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19 March 2009
Cardiff Law School has launched a ground-breaking pilot project to quality assess criminal lawyers.
The team of lawyers from the School are now inviting solicitors and barristers who carry out criminal legal aid to take part which could lead to widespread improvements in the quality of criminal lawyers across the UK.
If successful, the ‘Quality Assurance for Advocates’ pilot will support the development of the eagerly anticipated four-tier grading scheme, which provides a ‘fail-safe’ assessment of criminal lawyers across the board.
The pilot is a significant step forward in terms of increasing public confidence in the competence of lawyers and in their ability to conduct cases of differing complexity. Though it was initially prompted by one of Lord Carter’s legal aid review recommendations, the level of transparency and standard of criminal advocates has been a hot topic among lawyers and judges for several years.
Instigated by the Legal Services Commission and Ministry of Justice, the pilot has been developed in collaboration with the Law Society, Bar Council, Solicitors Regulation Authority, Bar Standards Board, the Crown Prosecution Service and members of the judiciary.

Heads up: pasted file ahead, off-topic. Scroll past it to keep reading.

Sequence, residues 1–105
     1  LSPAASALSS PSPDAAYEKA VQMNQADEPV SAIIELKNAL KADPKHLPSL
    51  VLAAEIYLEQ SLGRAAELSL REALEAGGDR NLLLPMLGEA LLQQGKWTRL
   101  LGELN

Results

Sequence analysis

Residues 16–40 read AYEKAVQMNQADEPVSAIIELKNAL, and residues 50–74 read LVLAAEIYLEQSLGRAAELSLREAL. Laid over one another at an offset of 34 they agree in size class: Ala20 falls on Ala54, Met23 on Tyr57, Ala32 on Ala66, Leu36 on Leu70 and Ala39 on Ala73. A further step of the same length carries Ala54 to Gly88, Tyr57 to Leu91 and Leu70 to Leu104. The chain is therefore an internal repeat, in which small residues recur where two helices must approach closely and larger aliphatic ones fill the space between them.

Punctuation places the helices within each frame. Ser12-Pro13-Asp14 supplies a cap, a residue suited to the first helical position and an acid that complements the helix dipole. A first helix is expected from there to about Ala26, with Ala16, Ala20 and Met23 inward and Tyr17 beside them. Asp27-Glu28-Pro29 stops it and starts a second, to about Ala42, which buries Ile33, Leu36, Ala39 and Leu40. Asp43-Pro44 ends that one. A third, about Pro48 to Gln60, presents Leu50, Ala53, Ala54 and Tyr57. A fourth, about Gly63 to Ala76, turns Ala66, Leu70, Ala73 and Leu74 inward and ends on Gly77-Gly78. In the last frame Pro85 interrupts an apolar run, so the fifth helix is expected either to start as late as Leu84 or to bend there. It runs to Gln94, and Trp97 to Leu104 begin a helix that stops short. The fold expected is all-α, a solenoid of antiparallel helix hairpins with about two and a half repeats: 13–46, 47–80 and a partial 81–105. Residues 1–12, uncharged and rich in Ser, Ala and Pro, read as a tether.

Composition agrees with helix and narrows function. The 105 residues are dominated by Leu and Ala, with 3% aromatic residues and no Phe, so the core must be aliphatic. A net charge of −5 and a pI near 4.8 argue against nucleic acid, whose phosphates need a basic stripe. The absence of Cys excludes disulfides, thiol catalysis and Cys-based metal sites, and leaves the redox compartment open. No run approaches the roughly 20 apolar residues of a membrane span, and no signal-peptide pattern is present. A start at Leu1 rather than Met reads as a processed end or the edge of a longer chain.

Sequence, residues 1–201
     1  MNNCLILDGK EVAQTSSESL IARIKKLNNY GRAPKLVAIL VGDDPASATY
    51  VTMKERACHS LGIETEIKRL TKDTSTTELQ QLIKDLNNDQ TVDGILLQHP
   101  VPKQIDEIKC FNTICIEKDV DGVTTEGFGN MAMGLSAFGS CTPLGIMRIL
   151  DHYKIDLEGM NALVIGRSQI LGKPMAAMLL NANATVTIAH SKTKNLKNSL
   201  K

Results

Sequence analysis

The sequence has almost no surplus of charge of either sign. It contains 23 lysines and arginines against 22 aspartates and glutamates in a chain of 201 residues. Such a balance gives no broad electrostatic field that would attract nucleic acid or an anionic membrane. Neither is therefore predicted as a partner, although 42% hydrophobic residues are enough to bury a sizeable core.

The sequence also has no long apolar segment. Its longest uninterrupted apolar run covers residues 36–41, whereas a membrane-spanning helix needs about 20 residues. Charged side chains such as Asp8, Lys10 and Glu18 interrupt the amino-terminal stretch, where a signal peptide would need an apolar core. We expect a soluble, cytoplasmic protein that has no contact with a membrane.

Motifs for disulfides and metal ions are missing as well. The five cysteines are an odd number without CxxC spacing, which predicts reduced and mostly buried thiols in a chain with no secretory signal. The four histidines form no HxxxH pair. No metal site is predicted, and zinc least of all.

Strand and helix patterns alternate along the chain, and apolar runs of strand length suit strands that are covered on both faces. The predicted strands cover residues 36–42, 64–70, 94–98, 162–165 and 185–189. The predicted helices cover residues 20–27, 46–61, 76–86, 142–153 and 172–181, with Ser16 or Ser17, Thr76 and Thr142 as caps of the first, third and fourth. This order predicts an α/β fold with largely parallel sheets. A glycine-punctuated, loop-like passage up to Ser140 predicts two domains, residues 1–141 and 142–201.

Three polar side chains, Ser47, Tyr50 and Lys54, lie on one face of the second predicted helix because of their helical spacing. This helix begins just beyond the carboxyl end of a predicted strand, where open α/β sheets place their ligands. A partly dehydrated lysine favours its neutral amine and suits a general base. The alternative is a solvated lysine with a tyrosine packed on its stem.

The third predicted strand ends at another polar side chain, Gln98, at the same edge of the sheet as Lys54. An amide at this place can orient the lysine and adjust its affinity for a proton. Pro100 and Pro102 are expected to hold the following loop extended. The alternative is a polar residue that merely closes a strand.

The Cardiff Law School team include Angela Devereux, head of the Professional Development Unit, and Professor Richard Moorhead, alongside Professor Ed Cape at the University of the West of England. Over the next five months the team will assess up to 280 barristers and solicitors using a range of different assessment methods at centres in Cardiff, Birmingham and London.
The Centre for Professional Legal Studies at Cardiff Law School has a strong track record and reputation as a leading provider of vocational legal training. Professor Ian Brookfield, Director, says, "We are delighted to have the opportunity to develop this vitally important measure. We are confident that, if successful, the pilot will be a significant development in the future of the legal profession, and go some way to ensuring a higher level of confidence in legal aid advocates."
For those taking part, the pilot offers a unique chance to shape the future quality assurance of criminal lawyers. The eventual quality assurance scheme will depend on the findings of the pilot, as well as political funding. If successful the pilot will result in a fair, credible and proportionate scheme that provides a single track career path for any criminal lawyer, and could therefore replace the current disparate range of qualifications for defence and prosecution advocates.
It is important for a wide range of advocates to take part in the pilot. Anyone interested should email Sinead Reynolds at firstname.lastname@example.org
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